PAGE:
Drones can now steer themselves clear of obstacles
By studying bats, researchers from the University of Southern Denmark have succeeded in equipping drones with a sensor system that prevents them from colliding in the air. It is the first step towards drones that can fly without human intervention.
Researchers from the Center for BioRobotics at the University of Southern Denmark have developed an anti-collision system for drones inspired by the ability of bats to fly quickly and close to each other without colliding. The drone itself changes course if it is in danger of flying into an obstacle such as a tree or another drone.
- In the future, we will see drones everywhere, so we need to increase their safety so that they don't fly into each other. Therefore, we have implemented an anti-collision system for drones using a technology seen in bats, namely echolocation, says research assistant Mathias Flindt from the Maersk Mc-Kinney Moller Institute at the University of Southern Denmark.
Drones learn from bats
Bats use echolocation as a unique way of orienting themselves while airborne. The bat sends out ultrasonic calls. When the soundwave hits something like a tree or another bat and is bounced back, the bat knows how close it is to the object. In this way, it avoids collisions.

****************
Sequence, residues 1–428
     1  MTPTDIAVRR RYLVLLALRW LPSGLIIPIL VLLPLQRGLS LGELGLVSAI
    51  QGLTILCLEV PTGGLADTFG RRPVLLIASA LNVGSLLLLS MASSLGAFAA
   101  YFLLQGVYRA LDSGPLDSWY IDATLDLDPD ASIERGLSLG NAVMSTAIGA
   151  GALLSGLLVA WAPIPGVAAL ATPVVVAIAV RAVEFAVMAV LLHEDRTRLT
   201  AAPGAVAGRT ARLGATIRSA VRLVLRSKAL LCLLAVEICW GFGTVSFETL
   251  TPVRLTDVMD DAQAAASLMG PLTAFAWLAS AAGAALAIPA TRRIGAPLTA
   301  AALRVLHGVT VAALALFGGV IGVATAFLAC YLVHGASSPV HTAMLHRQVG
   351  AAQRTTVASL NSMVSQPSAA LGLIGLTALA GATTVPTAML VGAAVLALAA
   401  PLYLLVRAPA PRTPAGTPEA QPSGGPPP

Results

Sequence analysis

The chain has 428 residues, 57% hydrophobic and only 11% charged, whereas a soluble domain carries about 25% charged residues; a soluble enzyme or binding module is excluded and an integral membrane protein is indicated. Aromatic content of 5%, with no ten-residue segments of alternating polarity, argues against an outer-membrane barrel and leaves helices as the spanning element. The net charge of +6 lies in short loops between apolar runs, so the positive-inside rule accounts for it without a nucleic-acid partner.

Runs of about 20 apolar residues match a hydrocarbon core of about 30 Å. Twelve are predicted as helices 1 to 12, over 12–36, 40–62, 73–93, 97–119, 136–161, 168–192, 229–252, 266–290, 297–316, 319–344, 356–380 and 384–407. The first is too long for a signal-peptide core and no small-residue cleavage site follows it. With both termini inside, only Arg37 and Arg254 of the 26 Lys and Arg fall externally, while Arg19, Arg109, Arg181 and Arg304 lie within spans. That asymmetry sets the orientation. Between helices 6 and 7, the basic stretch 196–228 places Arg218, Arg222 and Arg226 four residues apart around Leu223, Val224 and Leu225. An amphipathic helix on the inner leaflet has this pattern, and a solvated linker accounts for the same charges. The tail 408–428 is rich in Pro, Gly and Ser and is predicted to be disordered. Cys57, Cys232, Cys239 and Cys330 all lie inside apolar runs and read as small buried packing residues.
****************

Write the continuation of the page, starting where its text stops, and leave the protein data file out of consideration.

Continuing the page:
- The use of drones is often limited to daylight hours and conditions with good visibility. One advantage of the echolocation system is that it also works at night and when visibility is poor. This creates some completely new possibilities for the use of drones," says Mathias Flindt.
Help for the pilot
Initially, the new technology is intended as an aid for the pilot. If the pilot controlling the drone steers it too close to a building, the drone will correct itself and maintain a sensible distance. In the longer term, the project will end up with a drone that can fly itself about in a forest, just like a bat.
- In the future, we will see fully automatic drones flying without human intervention. But in order for that to happen, the drones need to have some basic skills and senses. It is essential for them to be able to avoid collisions with other drones, buildings or people, both for the drones themselves but also for the surroundings in which they are working, emphasises Mathias Flindt.
For more information, contact:
Research Assistant, MSc in Engineering - Robot Systems, Mathias Flindt: 6013 6179